The E.T. Myth: Confirmed

While there are many gaming industry myths, perhaps none has been as pervasive as the E.T. landfill myth. It was during the ‘80s that Atari conducted its now-legendary feat of flooding the market with low-quality products—such as the unbelievably terrible E.T. the Extra-Terrestrial video game—and tanking the very industry it had helped to build.

The story goes that so many copies of the E.T. game went unsold that Atari drove millions (yes, millions) of game cartridges into the New Mexico desert and dumped them into a landfill there. Anyone familiar with this story may also know that a documentary team last year decided they would try to find out if the story actually had any truth to it.

And now we have the full story: The documentary team has successfully discovered copies of E.T. in a New Mexico landfill, which proves (more or less) that this famous, oft-cited-but-never-verified myth actually holds within it a measure of truth.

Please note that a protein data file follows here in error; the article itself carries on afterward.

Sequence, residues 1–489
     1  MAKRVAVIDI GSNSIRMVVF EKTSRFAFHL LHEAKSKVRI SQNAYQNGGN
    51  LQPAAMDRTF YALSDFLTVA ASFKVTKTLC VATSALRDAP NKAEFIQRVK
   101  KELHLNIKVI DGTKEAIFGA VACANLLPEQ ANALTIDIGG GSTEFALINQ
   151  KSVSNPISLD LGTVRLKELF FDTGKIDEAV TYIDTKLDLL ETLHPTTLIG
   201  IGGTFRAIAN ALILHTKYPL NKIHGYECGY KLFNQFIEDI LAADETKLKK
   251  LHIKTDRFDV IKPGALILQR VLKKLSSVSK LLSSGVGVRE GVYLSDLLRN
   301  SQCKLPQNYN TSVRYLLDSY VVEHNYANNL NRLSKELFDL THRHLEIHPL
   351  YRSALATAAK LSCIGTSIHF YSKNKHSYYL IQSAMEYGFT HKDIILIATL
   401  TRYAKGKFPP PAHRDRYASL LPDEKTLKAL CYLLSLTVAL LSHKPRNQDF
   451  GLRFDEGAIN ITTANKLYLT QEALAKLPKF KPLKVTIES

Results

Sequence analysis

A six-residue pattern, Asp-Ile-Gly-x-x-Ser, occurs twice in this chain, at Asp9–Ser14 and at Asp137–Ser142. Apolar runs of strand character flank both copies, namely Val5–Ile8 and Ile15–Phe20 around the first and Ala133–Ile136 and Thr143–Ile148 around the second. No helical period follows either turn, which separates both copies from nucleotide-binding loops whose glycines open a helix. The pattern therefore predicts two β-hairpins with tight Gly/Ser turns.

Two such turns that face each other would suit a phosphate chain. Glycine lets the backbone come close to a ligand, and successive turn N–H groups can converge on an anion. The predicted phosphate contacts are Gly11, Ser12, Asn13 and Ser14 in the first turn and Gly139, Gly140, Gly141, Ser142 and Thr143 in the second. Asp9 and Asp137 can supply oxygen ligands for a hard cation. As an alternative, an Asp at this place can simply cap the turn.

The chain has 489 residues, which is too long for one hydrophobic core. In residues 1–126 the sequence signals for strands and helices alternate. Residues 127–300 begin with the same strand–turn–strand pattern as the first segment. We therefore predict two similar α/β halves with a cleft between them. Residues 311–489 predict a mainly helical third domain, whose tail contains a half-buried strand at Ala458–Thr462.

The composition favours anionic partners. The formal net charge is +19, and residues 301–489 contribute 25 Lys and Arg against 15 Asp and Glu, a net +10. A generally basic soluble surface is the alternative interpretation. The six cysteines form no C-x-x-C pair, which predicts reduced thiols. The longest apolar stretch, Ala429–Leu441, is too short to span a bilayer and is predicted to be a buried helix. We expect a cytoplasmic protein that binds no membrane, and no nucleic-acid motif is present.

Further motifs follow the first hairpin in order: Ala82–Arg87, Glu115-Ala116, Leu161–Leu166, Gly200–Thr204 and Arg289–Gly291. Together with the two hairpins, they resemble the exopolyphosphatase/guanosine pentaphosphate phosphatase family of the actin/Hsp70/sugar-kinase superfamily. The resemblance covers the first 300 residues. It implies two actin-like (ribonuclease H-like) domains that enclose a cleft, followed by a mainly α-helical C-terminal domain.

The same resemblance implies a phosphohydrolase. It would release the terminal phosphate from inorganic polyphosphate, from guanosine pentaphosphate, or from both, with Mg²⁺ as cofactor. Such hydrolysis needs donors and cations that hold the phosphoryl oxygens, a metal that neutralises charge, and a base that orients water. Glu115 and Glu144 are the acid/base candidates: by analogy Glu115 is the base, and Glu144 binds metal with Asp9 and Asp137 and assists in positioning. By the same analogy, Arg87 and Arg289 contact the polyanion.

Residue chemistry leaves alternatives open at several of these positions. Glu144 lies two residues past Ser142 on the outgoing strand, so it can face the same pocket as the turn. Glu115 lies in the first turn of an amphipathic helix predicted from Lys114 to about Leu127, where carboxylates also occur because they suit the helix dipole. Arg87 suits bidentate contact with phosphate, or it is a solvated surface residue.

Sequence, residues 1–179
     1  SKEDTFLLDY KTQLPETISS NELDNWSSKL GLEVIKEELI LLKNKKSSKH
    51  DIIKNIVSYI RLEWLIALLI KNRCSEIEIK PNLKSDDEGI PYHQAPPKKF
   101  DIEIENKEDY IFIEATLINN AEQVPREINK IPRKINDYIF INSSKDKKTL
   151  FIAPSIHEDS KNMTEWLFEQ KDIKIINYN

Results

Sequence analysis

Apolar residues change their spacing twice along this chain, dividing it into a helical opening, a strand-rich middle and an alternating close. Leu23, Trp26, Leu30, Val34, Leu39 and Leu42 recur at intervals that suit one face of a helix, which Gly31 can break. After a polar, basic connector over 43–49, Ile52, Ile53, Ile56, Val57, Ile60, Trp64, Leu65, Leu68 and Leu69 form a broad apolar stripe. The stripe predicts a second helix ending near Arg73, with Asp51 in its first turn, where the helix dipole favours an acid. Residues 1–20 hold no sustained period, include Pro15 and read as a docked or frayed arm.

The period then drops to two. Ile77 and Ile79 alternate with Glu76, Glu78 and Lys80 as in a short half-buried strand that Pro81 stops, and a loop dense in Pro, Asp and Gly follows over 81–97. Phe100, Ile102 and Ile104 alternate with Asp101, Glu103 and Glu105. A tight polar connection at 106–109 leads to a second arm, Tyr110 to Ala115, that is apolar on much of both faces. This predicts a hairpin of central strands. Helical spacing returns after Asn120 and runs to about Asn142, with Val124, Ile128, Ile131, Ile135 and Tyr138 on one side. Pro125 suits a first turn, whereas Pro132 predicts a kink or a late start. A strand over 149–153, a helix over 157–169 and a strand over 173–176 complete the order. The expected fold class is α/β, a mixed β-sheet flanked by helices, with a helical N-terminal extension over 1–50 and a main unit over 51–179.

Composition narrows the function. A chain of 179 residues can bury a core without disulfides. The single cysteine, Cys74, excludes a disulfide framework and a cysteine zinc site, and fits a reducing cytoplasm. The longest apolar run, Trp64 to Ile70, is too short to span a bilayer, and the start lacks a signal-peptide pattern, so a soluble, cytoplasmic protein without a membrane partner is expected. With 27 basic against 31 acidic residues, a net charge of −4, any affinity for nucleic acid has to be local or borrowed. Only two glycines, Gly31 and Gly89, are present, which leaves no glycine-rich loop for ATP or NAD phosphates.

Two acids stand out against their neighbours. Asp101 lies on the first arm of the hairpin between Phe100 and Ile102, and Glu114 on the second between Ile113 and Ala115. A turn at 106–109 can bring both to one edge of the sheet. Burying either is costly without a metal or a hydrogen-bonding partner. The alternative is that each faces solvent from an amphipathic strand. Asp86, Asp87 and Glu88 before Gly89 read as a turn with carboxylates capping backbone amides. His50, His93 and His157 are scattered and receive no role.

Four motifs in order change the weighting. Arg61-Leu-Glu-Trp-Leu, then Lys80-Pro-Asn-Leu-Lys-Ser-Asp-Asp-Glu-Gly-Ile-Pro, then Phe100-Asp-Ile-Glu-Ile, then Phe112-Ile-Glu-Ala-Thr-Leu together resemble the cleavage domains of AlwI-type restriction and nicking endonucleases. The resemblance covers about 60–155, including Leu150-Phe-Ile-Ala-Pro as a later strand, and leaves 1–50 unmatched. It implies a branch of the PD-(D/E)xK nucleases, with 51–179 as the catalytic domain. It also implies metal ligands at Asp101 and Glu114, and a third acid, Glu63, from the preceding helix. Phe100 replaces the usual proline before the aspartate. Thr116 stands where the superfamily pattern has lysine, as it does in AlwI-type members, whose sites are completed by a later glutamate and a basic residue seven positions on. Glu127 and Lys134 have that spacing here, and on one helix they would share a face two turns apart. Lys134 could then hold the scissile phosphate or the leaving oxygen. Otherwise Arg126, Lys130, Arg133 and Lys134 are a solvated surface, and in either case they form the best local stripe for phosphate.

The documentary should be released late 2014 through Microsoft’s Xbox formats, but hopefully we’ll see it on other platforms as well. Notably, no one at Atari has claimed any knowledge about the landfill-dumping event, with a spokeswoman for the company stating that “nobody here has any idea what that’s about” and that they’re “just watching like everybody else.” That said, today’s Atari is a completely different company from the version of the company we had in the 1980s, with plenty of changeovers in between.


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Author: Dave View all posts by
Dave will tell you that he likes to play video games, this is in fact a lie. What he really likes to do is buy games, and leaving them sitting unopened on his shelf. He is a monster.

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